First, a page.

Disclosure: The opinions expressed are those of the interviewee and not necessarily United Capital.  Interviewee is not a representative of United Capital. Investing involves risk and investors should carefully consider their own investment objectives and never rely on any single chart, graph or marketing piece to make decisions.  Content provided is intended for informational purposes only, is not a recommendation to buy or sell any securities, and should not be considered tax, legal, investment advice. Please contact your tax, legal, financial professional with questions about your specific needs and circumstances.  The information contained herein was obtained from sources believed to be reliable, however their accuracy and completeness cannot be guaranteed. All data are driven from publicly available information and has not been independently verified by United Capital.

Read The Entire Transcript Here

Steve Pomeranz: It’s time for Real Estate Roundup.  This is the time every single week we get together with noted real estate agent Terry Story. Terry is a 27-year veteran with Coldwell Banker located in Boca Raton.  Welcome back to the show, Terry.

Terry Story: Thanks for having me, Steve.

Steve Pomeranz: This was really interesting.  As we were talking before the show, you provided me with a listing of the correct words to use when you’re selling your home, how to frame the sale of the house, what words to use, what words not to use.  Tell us about that.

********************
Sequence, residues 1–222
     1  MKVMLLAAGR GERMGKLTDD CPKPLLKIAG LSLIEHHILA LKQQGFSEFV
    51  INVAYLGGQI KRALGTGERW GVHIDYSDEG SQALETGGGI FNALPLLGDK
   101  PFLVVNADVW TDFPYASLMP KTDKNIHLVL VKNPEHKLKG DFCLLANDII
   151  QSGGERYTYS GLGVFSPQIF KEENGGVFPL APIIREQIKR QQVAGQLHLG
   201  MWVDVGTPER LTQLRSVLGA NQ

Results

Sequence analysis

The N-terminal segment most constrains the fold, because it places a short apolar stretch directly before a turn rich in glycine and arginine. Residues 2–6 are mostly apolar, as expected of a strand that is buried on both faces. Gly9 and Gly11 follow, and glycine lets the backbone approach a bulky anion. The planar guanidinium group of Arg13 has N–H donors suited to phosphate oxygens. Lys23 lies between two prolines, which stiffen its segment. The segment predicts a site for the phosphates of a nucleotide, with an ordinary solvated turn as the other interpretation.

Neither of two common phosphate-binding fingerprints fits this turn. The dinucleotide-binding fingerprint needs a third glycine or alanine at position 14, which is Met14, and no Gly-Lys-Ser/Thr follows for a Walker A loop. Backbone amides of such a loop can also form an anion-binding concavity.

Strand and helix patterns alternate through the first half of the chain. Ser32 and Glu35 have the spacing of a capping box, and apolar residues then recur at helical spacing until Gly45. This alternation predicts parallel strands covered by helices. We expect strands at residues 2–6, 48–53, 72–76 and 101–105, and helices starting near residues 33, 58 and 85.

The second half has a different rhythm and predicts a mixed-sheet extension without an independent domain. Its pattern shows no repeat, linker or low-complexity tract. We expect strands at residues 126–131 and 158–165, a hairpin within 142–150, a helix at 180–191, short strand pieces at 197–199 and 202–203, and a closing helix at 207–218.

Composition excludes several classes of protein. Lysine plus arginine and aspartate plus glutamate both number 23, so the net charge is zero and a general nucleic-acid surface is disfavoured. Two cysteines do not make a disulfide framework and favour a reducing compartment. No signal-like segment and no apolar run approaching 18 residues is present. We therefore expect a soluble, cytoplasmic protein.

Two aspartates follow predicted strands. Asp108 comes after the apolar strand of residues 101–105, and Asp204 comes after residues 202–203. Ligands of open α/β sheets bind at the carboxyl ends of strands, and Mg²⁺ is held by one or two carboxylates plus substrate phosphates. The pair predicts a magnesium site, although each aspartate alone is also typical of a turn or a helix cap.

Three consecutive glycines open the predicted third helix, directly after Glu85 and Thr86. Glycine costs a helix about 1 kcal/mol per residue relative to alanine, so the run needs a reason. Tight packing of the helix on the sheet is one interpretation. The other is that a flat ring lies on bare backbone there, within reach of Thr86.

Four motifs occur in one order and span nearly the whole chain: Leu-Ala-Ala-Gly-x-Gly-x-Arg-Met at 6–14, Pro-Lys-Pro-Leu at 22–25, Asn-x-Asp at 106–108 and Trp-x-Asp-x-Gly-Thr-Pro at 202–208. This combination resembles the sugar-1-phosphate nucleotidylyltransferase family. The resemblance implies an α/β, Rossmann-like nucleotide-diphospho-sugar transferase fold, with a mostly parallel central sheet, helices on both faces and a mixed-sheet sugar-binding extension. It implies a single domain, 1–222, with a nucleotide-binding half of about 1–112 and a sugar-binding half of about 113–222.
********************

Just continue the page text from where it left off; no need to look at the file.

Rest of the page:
Terry Story: Sure.  This is actually researchers from Core Logic looked at a million single-family transactions to determine this, to give you an idea of how much research went into it.  What they decided was the biggest impact words.  First one, “fenced backyard.”

Steve Pomeranz: “Fenced back yard” is the most important word you can put in.  Fenced back yard.

Terry Story: “Open concept,” “natural light,” and “open kitchen.”

Steve Pomeranz: When you use those words, what does it tend to do?  How do you benefit from using those words?

Terry Story: What they’re saying is it tends to reduce the days on the market.  Typically, the shorter time that the house is on the market the higher price you’re ultimately going to get.  Even if you don’t have a fenced backyard …  No, don’t do that.  Then go fence your back yard.

Steve Pomeranz: Fence it in, right.

Terry Story: I think the idea behind that, the fenced backyard, you’re like, “Well, why fenced backyard?  Not everybody has a dog and needs a fenced backyard.” I think it’s the idea of privacy.

Steve Pomeranz: Yeah, I would agree.

Terry Story: I think people are big into privacy.

Steve Pomeranz: “Open concept” means spatial?  It gives you a sense of spatial?

Terry Story: Spatial.

Steve Pomeranz: “Natural light” does the same thing.

Terry Story: Right.

Steve Pomeranz: “Updated kitchen” is very important.  What would be the phrases that would slow down sales or make them stay on the market longer?